This work may not be copied, distributed, displayed, published, reproduced, transmitted, modified, posted, sold, licensed, or used for commercial purposes. By downloading this file, you are agreeing to the publisher’s Terms & Conditions.

Original Articles

Substance Use Disorders and Overweight/Obesity in Bipolar I Disorder: Preliminary Evidence for Competing Addictions

Roger S. McIntyre, MD, FRCPC; Susan L. McElroy, MD; Jakub Z. Konarski, MSc; Joanna K. Soczynska, BSc; Alexandra Bottas, MD, FRCPC; Saulo Castel, MD, PhD; Kathryn Wilkins, MSc; and Sidney H. Kennedy, MD, FRCPC

Published: September 17, 2007

Article Abstract

Objective: This investigation was undertaken to explore the relationship between alcohol/illicit drug dependence and overweight/obesity in individuals with bipolar I disorder.

Method: The data for this analysis were procured from the Canadian Community Health Survey-Mental Health and Well-Being (CCHS) conducted by Statistics Canada in 2002. Bipolar I disorder was defined as persons screening positive for a lifetime manic episode using the World Mental Health 2000 version of the Composite International Diagnostic Interview (WMH-CIDI). Substance abuse and illicit drug dependence were determined using criteria commensurate with the DSM-IV-TR. Overweight and obesity were defined as a body mass index of 25.0 to 29.9 and greater than or equal to 30.0 kg/m2, respectively.

Results: The total sample comprised 36,984 individuals (>= 15 years old) screening positive for a lifetime manic episode. Subgroup analysis indicated that overweight/obese bipolar individuals had a significantly lower rate of substance dependence than the normal weight sample (13% vs. 21%, p < .01). Conversely, bipolar individuals who screened positive for substance dependence had a lower rate of overweight/obesity when compared with non-substance-dependant bipolar respondents (39% vs. 54%, p < .01). The inverse association between the presence of these 2 comorbid conditions in bipolar I disorder continued to be statistically significant in multivariate analysis (OR = 0.57, 95% CI = 0.34 to 0.95, p < .05).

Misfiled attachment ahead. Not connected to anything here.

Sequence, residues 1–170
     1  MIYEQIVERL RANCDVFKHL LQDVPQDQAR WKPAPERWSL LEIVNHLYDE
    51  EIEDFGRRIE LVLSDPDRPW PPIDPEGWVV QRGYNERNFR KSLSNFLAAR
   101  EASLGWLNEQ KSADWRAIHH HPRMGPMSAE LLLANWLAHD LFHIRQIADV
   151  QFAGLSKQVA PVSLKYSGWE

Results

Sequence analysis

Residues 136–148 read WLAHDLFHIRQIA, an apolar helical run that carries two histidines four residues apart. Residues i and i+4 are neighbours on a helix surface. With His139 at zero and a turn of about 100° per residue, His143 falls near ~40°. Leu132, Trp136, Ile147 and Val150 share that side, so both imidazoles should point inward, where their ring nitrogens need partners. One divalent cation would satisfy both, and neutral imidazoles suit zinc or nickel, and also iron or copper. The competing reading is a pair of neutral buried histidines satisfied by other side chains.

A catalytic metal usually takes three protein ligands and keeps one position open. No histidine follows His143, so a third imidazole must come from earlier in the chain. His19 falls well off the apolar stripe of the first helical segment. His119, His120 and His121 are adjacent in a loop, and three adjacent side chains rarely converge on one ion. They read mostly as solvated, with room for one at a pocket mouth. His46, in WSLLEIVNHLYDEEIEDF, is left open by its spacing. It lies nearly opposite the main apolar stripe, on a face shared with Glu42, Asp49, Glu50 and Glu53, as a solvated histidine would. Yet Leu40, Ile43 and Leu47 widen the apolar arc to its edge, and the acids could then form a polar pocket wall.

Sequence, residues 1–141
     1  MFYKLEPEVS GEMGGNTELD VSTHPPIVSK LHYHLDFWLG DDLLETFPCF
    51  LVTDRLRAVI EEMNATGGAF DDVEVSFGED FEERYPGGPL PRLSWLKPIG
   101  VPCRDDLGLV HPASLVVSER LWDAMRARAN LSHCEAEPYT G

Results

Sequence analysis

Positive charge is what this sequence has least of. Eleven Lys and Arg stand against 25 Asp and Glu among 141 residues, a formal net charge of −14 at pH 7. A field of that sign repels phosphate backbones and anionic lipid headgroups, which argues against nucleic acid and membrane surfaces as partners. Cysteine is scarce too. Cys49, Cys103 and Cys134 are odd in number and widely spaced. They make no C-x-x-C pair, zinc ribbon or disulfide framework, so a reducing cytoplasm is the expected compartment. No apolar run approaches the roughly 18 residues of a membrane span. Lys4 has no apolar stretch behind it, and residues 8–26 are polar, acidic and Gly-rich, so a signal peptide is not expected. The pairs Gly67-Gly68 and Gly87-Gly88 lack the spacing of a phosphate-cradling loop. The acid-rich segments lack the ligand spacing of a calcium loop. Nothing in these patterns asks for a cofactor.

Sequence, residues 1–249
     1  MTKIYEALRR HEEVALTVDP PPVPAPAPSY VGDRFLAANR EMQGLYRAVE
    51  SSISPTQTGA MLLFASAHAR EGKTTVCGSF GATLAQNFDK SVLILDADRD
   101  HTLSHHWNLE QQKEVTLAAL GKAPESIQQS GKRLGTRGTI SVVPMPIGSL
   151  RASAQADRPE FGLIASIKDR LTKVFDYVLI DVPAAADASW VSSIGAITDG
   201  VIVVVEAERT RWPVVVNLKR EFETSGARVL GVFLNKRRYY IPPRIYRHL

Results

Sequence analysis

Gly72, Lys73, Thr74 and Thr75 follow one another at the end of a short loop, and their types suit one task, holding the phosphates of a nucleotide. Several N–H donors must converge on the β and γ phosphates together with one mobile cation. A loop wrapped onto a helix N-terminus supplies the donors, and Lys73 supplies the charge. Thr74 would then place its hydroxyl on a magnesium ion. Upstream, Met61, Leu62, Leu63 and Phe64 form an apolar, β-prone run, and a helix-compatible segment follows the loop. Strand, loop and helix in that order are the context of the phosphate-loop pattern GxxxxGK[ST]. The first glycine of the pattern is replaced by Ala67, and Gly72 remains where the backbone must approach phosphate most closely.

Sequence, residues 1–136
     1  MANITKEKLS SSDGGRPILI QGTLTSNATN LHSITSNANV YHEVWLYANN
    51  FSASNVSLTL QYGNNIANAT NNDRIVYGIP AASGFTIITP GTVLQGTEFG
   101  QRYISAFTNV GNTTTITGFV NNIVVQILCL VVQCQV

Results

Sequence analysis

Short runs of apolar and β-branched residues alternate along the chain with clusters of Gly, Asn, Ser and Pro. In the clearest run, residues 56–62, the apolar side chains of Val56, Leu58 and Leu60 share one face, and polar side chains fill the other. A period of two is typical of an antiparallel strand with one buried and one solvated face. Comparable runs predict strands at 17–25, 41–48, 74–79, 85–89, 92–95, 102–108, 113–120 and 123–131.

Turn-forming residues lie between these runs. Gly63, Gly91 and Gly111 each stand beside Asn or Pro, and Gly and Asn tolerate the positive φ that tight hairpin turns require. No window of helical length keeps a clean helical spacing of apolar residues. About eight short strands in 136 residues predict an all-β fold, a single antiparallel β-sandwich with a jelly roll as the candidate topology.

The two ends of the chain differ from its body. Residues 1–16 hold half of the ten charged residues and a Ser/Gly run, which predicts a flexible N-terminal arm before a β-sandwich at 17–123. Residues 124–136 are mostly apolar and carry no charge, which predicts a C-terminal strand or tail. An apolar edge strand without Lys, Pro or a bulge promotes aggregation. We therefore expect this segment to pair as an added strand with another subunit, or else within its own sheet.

Conclusions: An inverse relationship between the presence of comorbid overweight/obesity and substance use disorders was observed in bipolar I disorder. These results suggest that comorbid addictive disorders (i.e., substance use and compulsive overeating) may compete for the same brain reward systems.

Volume: 68

Quick Links: Bipolar Disorder

Continue Reading…

Subscribe to read the entire article

$40.00

Buy this Article as a PDF

Sign-up to stay
up-to-date today!

SUBSCRIBE

Already registered? Sign In

Clinical and Practical Psychopharmacology

Skeletal and Dental Fractures Associated With Electroconvulsive Therapy

Recent data suggest the risk of skeletal or dental fracture with ECT may be as low as...

Read More...